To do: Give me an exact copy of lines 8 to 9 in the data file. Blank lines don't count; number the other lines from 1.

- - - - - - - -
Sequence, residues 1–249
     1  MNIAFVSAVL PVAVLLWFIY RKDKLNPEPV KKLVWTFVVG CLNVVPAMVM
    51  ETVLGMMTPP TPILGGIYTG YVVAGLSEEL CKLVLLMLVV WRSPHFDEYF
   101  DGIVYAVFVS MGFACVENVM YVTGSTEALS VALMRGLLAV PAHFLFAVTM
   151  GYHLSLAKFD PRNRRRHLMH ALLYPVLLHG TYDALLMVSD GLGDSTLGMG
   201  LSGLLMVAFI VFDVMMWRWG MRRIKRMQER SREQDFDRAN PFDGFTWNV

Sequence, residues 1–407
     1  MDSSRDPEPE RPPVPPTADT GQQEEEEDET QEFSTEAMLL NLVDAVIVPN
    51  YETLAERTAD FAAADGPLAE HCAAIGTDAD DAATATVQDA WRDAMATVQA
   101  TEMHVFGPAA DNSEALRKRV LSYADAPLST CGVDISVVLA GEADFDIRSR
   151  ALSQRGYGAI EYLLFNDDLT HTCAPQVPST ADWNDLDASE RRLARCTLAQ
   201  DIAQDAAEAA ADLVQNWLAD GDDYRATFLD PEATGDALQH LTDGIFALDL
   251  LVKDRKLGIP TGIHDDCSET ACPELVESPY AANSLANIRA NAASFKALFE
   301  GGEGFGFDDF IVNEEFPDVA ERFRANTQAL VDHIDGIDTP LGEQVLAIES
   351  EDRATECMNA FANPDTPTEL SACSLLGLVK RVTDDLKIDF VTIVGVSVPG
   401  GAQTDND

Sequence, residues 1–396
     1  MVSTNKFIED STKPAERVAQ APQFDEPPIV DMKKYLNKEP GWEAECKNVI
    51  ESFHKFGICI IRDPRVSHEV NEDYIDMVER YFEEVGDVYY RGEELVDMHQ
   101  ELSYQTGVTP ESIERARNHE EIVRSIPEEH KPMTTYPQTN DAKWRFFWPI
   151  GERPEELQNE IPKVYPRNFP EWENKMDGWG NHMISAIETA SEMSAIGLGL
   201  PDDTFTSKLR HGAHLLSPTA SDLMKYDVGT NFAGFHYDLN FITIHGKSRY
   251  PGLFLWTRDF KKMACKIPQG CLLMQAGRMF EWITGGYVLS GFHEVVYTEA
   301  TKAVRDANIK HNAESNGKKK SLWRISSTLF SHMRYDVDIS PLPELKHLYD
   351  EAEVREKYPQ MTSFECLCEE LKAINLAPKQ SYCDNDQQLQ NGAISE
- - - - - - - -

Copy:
     1  MDSSRDPEPE RPPVPPTADT GQQEEEEDET QEFSTEAMLL NLVDAVIVPN
    51  YETLAERTAD FAAADGPLAE HCAAIGTDAD DAATATVQDA WRDAMATVQA